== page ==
ELECTRONIC MEDIA:

Performance & Video

Ben Coonley

. . W . .

10:10am-1:10pm

AVERY 117

PART

Cross-listed:  Experimental Humanities, Theater  This course explores intersections of video and performance art. Course participants develop ways of using video's most fundamental property: its ability to reproduce a stream of real-time synchronized images and sounds. How does video technology mediate between on-screen performer and audience? How can artists interested in creating critical and self-reflexive media respond to video’s immediacy and “liveness”? How can performance artists use video playback devices, displays, projectors, and interactive elements to shape and enhance live art? Course participants will work on individual projects using cameras, monitors, switchers, surveillance systems, projectors, and software-based video mixers. The first half of the course concentrates on the creation of performance “tapes” (or tape-less video documents) and the history of experimental video focused on framing staged live activities. The second half of the course concentrates on the use of video as a central component within live art events, plus a continued discussion about the larger cultural and psychological impact of live video production. Readings on and viewings of work by Nam Jun Paik, Andy Warhol, Joan Jonas, Martha Rosler, Laurie Anderson, Richard Serra, Chris Burden, John Baldessari, Bruce Nauman, Gilbert & George, George Kuchar, William Wegman, Michael Smith, Walid Raad, Wynne Greenwood, Shana Moulton, Eileen Maxson, Ryan Trecartin, Xander Marro, Miranda July, Sadie Benning, Jeremy Bailey, Paper Rad, Harry Dodge and Stanya Kahn. This production class fulfills a moderation requirement.  Class size: 12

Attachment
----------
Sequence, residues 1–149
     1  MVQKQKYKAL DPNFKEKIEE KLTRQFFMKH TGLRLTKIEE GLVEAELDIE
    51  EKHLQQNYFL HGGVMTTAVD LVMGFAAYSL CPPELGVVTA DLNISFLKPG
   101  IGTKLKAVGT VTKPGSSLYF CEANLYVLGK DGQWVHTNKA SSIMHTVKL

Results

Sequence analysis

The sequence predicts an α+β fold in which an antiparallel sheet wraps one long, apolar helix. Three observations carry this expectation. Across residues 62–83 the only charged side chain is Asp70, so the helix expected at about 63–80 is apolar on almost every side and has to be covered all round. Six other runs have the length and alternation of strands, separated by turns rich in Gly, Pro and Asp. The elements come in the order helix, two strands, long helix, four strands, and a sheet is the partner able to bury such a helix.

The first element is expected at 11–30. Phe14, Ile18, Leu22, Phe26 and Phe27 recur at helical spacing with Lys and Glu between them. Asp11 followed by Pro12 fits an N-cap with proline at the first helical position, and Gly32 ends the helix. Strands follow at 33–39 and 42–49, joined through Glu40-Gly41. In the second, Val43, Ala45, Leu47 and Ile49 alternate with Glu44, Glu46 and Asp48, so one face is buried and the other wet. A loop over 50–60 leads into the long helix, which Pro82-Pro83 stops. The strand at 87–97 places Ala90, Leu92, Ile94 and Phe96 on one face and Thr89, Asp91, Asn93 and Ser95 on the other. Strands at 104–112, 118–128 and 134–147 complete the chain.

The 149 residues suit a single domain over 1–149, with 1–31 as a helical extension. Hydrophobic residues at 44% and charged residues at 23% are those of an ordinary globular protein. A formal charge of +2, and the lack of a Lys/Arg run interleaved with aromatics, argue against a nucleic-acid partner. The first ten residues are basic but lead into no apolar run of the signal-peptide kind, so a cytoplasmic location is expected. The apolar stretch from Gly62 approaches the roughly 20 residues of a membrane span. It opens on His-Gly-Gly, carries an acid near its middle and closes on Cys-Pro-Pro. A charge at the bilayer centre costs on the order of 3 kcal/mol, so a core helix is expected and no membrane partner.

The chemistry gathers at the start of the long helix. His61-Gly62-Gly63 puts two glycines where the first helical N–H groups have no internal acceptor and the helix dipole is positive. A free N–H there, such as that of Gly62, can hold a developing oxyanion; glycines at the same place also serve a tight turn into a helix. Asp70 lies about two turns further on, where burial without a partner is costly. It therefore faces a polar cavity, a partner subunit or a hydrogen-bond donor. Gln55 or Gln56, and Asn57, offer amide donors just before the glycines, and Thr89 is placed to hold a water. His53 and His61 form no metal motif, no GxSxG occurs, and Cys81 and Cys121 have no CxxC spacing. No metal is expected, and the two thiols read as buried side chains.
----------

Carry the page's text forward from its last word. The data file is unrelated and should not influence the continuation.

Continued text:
15181

FILM  205   

 Gesture, Light & Motion

Kelly Reichardt

. . W . .

1:30pm-4:30pm

AVERY 333

PART